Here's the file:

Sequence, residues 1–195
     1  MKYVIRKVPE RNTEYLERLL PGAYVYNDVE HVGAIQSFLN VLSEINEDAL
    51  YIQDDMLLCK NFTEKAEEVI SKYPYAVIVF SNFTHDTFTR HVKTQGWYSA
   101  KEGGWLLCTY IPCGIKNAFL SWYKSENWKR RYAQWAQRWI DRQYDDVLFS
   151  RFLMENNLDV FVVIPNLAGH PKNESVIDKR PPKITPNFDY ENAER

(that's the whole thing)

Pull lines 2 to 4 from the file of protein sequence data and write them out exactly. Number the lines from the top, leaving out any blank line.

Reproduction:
     1  MKYVIRKVPE RNTEYLERLL PGAYVYNDVE HVGAIQSFLN VLSEINEDAL
    51  YIQDDMLLCK NFTEKAEEVI SKYPYAVIVF SNFTHDTFTR HVKTQGWYSA
   101  KEGGWLLCTY IPCGIKNAFL SWYKSENWKR RYAQWAQRWI DRQYDDVLFS